posted by Fr. Sibley | Monday, August 25, 2003 | link


Fr. Wilson on the Milwaukee Petition

posted by Fr. Sibley | Monday, August 25, 2003 | link


Rightwing Film Geek

Just stumbled upon this blog, and I tend to agree with him on most things it seems. He has some fine film recommendations.

posted by Fr. Sibley | Monday, August 25, 2003 | link


Meat Shake

Taste the secret, now!

posted by Fr. Sibley | Monday, August 25, 2003 | link


Brother Jed Will Save Your Soul!

posted by Fr. Sibley | Monday, August 25, 2003 | link


PODding out on the Memorial of St. Louis, Roi de France

Today on the memorial of St. Louis, my mission parish celebrated its patronal feast. We had a mass this evening with a good attendace of about 150 people. It all went well especially when everyone had the chance to venerate the relic of St. Louis after the homily - even the little kids were kissing the relic and making the sign of the cross. Then after mass most of the folks stayed to venerate the relic and pray at the statue of St. Louis to intercede for the parish and community. After the mass we went ot the hall and had a big meal. Delicious.

posted by Fr. Sibley | Monday, August 25, 2003 | link

24 August 2003  

Man on a Train

I saw the French film Man on a Train today in the theatre. I was hoping for something much better than what I saw. It is about two men who happen to meet and as they get to know each other they begin to envy each others lives while they hate their own. My problem was I didn't envy either of them nor did I become interested in them as characters, not even at the end of the movie. Overall, the film tried to hard to be deep. My grade: C+.

posted by Fr. Sibley | Sunday, August 24, 2003 | link


Woman dies while leaning over husband's coffin for last kiss

On Saturday, Raymond cut the grass and asked for liver for lunch, which Mary obliged. His heart gave out later that day. In the days that followed, Mary tried to remain stoic but her heart, too, finally gave out at Raymond's funeral on Tuesday.

posted by Fr. Sibley | Sunday, August 24, 2003 | link


Today is the Memorial of St. Bartholomew

St. Bartholomew has the worst death of all the apostles - he was skinned alive. Often you will see him depicted holding his flayed skin (in the Sistine Chapel, Michelangelo depicted the glorified apostle's skin bearing his own visage). The above image is my favorite however, with all of his skin removed in what appears to be a "red suit." Not surprisingly, he is the patron saint of leather workers.

posted by Fr. Sibley | Sunday, August 24, 2003 | link


Wesley Willis Dies

Wesley Willis, schizophrenic street person turned rock star died yesterday. Wesley Willis was the author of such classics as "Rock and Roll McDonalds" and "Cut the Mullet." Rock on Wesley.

posted by Fr. Sibley | Sunday, August 24, 2003 | link

23 August 2003  

Moses and the Decalogue in the US Supreme Court

This image adorns our nation's high court. Read more about it here.

posted by Fr. Sibley | Saturday, August 23, 2003 | link


More on the Petition

Alright, I am up for sending this around. I don't know how to do it? Would a fax work - we could each sign it and then fax it around till we get a bunch of signatures? What if it gets lost on the way? I guess it shouldn't be that hard to write up either. Maybe something like this...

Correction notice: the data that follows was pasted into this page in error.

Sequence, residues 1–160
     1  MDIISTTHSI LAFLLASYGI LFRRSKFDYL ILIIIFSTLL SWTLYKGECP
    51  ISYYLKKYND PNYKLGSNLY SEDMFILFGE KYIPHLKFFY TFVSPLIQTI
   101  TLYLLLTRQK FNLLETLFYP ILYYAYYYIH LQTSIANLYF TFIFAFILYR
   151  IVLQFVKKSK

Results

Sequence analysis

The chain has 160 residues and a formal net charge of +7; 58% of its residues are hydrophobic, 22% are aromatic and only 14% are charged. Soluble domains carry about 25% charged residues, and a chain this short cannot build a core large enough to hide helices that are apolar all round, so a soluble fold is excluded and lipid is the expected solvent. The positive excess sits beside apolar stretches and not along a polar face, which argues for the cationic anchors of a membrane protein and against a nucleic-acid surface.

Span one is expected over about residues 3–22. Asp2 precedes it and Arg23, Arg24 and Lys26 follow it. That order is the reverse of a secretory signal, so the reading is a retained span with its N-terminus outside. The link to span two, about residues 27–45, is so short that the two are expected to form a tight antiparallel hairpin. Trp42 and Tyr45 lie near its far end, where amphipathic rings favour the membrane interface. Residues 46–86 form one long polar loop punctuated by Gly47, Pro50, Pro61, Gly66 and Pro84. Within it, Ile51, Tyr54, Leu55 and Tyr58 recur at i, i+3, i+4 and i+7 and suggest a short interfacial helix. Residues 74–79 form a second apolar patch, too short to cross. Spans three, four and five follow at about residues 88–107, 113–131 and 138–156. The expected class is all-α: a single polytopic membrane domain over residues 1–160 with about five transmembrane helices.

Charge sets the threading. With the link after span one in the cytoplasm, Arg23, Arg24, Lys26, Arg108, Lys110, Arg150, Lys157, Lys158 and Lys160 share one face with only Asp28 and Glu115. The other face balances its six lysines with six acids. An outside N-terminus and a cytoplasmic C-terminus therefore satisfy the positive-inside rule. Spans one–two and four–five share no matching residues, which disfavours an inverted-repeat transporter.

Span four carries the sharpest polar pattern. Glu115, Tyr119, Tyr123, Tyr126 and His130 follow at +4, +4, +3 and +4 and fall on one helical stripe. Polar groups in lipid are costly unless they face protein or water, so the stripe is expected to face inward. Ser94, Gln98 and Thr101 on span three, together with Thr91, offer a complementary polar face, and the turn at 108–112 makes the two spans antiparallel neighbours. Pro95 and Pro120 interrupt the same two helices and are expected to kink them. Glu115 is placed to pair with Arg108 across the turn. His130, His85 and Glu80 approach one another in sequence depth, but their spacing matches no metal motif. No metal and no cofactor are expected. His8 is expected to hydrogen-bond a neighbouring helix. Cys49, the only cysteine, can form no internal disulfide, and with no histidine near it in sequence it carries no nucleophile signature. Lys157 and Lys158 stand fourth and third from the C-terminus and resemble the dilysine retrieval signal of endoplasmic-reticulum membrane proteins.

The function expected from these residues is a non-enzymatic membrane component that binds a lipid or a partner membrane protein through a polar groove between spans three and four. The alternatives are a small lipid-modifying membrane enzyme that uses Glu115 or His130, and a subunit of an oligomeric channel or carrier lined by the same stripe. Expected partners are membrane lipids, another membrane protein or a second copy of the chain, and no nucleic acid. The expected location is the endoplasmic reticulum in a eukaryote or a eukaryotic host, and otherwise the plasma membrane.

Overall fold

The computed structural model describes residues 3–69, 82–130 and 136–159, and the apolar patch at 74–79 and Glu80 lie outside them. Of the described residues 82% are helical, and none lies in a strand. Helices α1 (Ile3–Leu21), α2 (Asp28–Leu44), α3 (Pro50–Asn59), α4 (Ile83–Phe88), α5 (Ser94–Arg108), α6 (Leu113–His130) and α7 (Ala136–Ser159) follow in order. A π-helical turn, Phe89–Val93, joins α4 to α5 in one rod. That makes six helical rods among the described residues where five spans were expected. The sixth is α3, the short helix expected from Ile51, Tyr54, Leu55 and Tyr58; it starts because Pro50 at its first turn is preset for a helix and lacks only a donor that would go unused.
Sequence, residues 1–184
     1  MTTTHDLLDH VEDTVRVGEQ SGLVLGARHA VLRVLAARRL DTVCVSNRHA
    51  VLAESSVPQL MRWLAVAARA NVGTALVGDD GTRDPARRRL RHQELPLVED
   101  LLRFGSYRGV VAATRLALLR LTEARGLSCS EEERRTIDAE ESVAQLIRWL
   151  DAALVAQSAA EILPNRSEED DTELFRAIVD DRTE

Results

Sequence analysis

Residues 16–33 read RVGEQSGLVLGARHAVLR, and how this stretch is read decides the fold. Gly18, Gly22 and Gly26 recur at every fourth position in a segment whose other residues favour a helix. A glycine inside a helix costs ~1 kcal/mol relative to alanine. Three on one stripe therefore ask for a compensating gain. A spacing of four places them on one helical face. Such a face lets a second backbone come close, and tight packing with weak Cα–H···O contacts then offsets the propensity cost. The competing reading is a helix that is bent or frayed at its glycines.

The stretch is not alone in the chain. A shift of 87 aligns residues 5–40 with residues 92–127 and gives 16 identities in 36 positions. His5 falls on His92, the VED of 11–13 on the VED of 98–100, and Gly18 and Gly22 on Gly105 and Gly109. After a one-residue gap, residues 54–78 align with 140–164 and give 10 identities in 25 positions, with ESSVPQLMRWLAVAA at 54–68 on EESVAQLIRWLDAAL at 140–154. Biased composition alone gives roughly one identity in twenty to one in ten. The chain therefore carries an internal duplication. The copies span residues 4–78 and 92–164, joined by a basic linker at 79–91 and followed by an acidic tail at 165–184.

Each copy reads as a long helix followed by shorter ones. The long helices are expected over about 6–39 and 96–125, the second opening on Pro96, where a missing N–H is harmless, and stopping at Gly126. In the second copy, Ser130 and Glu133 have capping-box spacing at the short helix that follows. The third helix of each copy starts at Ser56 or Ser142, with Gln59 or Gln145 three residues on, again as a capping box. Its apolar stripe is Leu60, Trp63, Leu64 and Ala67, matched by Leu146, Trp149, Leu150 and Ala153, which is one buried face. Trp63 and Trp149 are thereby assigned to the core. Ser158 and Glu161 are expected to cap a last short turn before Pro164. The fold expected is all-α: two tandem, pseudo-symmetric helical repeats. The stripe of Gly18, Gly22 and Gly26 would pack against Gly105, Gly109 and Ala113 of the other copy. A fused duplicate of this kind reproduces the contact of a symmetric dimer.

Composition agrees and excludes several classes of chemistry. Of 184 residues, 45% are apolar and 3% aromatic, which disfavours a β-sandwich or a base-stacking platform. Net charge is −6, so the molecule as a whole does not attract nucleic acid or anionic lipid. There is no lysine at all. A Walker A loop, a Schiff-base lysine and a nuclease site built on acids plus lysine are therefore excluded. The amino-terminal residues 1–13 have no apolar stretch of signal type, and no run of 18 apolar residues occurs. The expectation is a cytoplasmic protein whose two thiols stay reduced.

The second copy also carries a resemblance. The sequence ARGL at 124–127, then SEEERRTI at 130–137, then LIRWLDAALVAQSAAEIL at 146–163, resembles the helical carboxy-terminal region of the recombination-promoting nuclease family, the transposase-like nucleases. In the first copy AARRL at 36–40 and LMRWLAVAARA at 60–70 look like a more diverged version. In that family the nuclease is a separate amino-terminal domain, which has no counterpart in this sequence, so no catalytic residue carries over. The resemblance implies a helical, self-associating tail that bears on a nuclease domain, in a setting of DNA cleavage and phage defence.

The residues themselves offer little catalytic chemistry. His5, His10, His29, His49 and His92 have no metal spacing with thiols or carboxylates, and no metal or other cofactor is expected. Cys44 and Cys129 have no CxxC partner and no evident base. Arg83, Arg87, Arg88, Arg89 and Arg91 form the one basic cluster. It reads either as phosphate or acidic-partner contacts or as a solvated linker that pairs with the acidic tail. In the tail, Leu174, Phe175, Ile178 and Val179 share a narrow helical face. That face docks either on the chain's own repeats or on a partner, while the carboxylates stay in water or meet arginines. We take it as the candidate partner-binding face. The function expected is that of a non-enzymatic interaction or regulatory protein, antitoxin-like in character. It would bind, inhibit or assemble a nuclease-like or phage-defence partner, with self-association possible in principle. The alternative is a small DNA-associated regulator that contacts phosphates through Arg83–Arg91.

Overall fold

We, the undersigned priests of the Roman Catholic Church, declare that we value our celibacy as an integral part of our sacerdotal identity and for the eschatological witness it gives to the world. We believe that this noble tradition of mandatory celibacy for priests in the Latin Church should be preserved and fostered and that acceptance of optional clerical celibacy should rejected.

posted by Fr. Sibley | Saturday, August 23, 2003 | link



I finally got fed up with going to the viedo store to rent movies and them never having what I want (and always having tons of copis of straight-to-video crap and all of the Hollywood blockbusters) that I joined Netflix. How it will be delivering the movies is to be see, but man do they have a selection! These are the first three movies I am getting:

Beijing Bicycle
Nine Queens
A Summer's Tale

posted by Fr. Sibley | Saturday, August 23, 2003 | link



One of the greatest inventions of all time is Lactose Free Milk (and Lactaid pills). I always have a carton in my fridge since I am very lactose intolerant. But what disturbs me about Lactaid is the new little logo they have. This one, of a man dancing with a cow.

I understand that they are trying to say - that milk and me are one again, that we can "cow"laborate. It just seems unnatural. Then again Lactose free milk might be considered unnatural by some. Not as unnatural as soy milk though.

posted by Fr. Sibley | Saturday, August 23, 2003 | link


Petition in Favor of Sacerdotal Celibacy

I'm sure everyone has heard about the Milwaukee priests who petitioned for optional clerical celibacy. Well, a priest friend of mine came up with a great idea to counter this - pass around a petition for priests who are in favor of maintaining the practice of priestly celibacy. Can we do this over the internet? Any ideas, especially from you Fathers out there? I am quite sure we can get more than 160 signatures.

posted by Fr. Sibley | Saturday, August 23, 2003 | link


Meditate on Death with this Crocheted Skull

posted by Fr. Sibley | Saturday, August 23, 2003 | link